On finally talking to the Governor’s office

The Governors office called tonight. After 114 unanswered letters they finally called.

I talked with Don Johnson the Governor’s head of constituent affairs. We probably talked for about 45 minutes. He came across as a nice man whose job was to deliver bad news. He told me that the governor would not see me. He said they were aware of the problems that lack of Tenn Care expansion caused and their plan was to move forward on expansion. He said they already had the information they needed and they didnt see that talking to me would really change things. I had a lot to say to him.

1. I explained our story in depth and told him what lack of expansion had met for us. I was very explicit and very blunt. To his credit he listened. I told him all I wanted to do was to have the same conversation with the Governor I was having with him and that 15 or 20 minutes just didnt seem that much considering what we had lived with. I asked him to ask the governor to reconsider and talk with me. He told me that they knew a lot of people had suffered and suffered a lot.

2. I confronted him about what I had been told earlier in the week that it was against the governor’s policy to talk with constituents about tenn care expansion. He said it should have never been said like that. Their was no official policy like that. My impression was that while there is no policy there is a policy and that he really wished the staff had been more subtle than they were. Being told “we already have all the information we need and talking to you wont add anything” sounds a lot like “its against the governors policy to talk with constituents about tenn care expansion.”

3. I told him that many people were very suspicious of the governors intention. Saying something and doing something are not the same thing.

4. I told him that the perception was held by many that the governor avoided talking to anyone who he thought might be critical.

5. He told me that the Governors office was very aware of my letters and mine and Linda’s situation. He said that many many people had called or emailed or written specifically about us and asking the governor to expand tenn care. After so long waiting and wondering it was nice to hear we perhaps made a difference. Several times he made very supportive comments and I never felt like he was trying to hurry me.

6. I told him my state senator knew me and asked him to check with him about whether or not he thought I was worth talking to. I also asked him to check with one of his cabinet members I knew who could attest to my character.

7. I told him that if the governor had a real plan that helped real people I would support him at the top of my lungs. I also told him if the plan was hurtful I would be glad to oppose it at the same volume.

8. I thanked him again for calling and being so courteous. I asked him again to ask the governor to change his mind. My gut level feeling is that whether or not they call it a policy or not there is one and the governor will continue to say no.

9. I told him that Linda and I were coming anyway and we hoped we would have the chance for conversation. But we were coming.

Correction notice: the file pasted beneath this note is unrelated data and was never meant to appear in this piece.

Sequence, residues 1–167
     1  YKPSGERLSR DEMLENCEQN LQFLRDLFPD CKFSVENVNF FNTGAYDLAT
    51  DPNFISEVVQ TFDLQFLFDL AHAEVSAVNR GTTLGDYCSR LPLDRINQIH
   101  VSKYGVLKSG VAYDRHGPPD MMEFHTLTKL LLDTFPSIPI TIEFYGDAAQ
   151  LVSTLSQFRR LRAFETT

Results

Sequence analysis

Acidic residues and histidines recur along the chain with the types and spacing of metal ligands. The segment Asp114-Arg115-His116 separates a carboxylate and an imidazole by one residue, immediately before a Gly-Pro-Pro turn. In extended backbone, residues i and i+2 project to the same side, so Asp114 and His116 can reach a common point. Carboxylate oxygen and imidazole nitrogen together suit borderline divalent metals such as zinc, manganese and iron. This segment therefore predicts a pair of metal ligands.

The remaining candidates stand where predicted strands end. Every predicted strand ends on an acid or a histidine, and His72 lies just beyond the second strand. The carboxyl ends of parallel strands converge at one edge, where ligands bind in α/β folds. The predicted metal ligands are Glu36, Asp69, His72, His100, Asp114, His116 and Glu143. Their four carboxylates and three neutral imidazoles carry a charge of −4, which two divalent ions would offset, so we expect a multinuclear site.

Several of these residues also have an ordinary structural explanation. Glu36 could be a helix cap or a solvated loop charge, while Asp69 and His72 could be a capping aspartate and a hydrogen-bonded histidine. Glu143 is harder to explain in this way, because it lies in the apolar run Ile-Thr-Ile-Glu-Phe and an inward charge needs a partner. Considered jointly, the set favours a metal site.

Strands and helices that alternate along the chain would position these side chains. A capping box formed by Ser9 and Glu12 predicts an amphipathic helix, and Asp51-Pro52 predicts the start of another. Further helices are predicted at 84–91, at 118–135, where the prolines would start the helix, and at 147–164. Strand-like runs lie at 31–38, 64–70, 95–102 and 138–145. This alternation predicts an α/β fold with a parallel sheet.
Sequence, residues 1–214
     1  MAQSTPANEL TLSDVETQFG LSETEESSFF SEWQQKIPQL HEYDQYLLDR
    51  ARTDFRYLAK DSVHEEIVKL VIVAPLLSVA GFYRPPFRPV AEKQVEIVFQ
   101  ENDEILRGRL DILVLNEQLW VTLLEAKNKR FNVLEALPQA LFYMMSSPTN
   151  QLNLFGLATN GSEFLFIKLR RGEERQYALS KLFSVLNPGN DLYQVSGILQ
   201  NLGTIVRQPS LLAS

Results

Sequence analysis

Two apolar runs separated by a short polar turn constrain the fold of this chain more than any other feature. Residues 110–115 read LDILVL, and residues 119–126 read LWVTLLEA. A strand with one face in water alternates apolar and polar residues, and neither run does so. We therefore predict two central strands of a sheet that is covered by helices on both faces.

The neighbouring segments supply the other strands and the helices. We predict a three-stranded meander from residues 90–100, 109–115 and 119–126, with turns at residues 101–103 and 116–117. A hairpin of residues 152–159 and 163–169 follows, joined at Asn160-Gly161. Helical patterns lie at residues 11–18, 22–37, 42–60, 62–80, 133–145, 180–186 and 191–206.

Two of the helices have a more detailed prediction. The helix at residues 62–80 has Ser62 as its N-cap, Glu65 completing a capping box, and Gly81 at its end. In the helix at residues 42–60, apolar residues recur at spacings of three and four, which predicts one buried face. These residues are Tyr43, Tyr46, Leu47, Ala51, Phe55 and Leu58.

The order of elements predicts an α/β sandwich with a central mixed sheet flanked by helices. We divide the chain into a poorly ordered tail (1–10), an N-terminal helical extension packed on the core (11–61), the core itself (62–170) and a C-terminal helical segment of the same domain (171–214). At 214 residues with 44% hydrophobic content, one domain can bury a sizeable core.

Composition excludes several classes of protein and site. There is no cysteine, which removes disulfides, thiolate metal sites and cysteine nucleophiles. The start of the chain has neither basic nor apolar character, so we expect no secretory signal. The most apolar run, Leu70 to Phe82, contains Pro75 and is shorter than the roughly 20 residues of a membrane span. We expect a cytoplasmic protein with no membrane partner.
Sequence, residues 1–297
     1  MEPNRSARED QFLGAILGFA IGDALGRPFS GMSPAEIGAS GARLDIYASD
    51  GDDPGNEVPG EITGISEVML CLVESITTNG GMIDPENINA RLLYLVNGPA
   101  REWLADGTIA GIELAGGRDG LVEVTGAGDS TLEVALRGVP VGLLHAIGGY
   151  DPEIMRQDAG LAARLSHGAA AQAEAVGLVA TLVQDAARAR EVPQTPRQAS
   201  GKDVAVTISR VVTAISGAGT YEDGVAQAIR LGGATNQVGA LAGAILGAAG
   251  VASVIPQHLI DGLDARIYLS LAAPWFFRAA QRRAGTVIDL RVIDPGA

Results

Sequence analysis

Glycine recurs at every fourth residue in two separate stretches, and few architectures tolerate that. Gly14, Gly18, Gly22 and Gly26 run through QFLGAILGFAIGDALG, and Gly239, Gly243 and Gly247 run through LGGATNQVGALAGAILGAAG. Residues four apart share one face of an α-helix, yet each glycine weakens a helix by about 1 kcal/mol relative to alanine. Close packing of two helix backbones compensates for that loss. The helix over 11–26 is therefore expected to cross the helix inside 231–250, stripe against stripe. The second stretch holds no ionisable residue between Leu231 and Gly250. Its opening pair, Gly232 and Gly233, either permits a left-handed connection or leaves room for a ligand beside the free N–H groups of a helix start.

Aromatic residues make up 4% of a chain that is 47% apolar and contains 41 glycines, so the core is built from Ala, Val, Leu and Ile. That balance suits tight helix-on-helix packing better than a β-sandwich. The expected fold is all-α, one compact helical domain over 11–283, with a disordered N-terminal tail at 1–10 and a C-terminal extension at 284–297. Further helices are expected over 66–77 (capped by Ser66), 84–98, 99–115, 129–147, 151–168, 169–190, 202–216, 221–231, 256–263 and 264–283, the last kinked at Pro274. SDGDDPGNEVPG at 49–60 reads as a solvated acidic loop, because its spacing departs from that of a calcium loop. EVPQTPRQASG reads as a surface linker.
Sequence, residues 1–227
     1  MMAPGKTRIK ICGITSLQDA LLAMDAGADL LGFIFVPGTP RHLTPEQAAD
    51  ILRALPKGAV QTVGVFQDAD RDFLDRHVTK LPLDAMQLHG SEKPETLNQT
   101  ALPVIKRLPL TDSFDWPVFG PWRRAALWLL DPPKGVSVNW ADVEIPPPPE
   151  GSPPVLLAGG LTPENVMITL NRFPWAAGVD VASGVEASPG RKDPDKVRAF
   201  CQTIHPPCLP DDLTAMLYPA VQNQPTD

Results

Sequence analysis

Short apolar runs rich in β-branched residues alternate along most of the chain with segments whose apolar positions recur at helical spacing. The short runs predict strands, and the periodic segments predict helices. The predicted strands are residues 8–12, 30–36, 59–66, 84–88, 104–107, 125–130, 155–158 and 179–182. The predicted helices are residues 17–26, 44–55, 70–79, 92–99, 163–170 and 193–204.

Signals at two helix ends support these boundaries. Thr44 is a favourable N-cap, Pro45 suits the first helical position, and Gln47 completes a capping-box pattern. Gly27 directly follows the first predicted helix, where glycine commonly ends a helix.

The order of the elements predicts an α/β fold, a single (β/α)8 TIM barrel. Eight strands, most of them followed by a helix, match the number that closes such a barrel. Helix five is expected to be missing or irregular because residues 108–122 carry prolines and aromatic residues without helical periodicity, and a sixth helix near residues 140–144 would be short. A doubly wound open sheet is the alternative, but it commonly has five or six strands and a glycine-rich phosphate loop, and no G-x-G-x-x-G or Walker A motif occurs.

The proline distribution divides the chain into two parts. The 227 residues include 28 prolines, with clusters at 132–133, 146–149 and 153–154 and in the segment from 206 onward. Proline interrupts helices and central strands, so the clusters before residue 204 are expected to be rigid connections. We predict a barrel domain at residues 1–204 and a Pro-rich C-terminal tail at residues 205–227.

I am grateful for Mr. Johnson calling. I am glad the governor seems to want to do something when a couple of months ago there seemed no chance at all. Something happened and I can only hope more happens to bring it all to a successful conclusion.

Mr. Johnson asked me to call him back if I had more to share and something tells me we will have more conversations.

A good conversation 114 letters into the process.

The 114th letter: I talked to a governor

Dear Governor Haslam:

This is my 114th letter to you.

I met Phil Bredesen today.  Only for a couple of minutes but what he had to say was noteworthy.  He was on his way inside the Baker Center at It to participate in a panel discussion with you.  He came in the front door.  I guess you came in the back.  I didn’t see you.

As the author of the destruction of Tenn Care and the ruining of countless lives he has always held a special bad place in my heart.  We asked him about Tenn Care expansion fully expecting him to come to your defense. He surprised us all.

He told us that he was strongly for Tenn Care expansion.  He said if he was governor he would have pressed ahead.  He felt like the chance to help so many people with the federal government picking up the tab was basically a no brainer.  I agreed.

I got for a couple of minutes to speak to a governor.  I wish it had been you.

Until tomorrow.

Yours truly,

Larry Drain

The 113th letter: A democracy is defined by the participation of its citizens– not their absence

Dear Governor Haslam:

This is my 113th letter to you.

I am still astonished by my phone call to your office yesterday.  To be told that it is the policy of the governor of a state not to talk with constituents about any issue is absolutely alarming.  It makes me wonder about the integrity of the whole process.  Any democracy it seems to me must be defined by the participation of its citizens and not their enforced absence.  I do not understand how you try to market yourself as the governor of people you won’t even talk to.  I don’t want to be managed.  I want to talk with, not be talked at.

You need the support of the people of Tennessee in what is ahead.  It is hard to have a conversation when no one is listening.

Until tomorrow.

Yours truly,

Larry Drain

The 112th letter: Is that really your policy? Astounding

Dear Governor Haslam:

This is my 112th letter to you.  Maybe the most troubled…..

I called your office this morning to try to set up an appointment on November 10 for Linda and I to discuss Tenn Care expansion with you.  I was blown away by the response.

I was told that as a matter of policy you will not talk to constituents about Tenn Care expansion.  Astounded does not even begin to describe my reaction.  How can the governor of any state refuse to see constituents on any issue?? Especially one as central and core as Tenn Care expansion.  You put a lie to everything you say you stand for.  How can you even pretend to be for people you wont even talk to??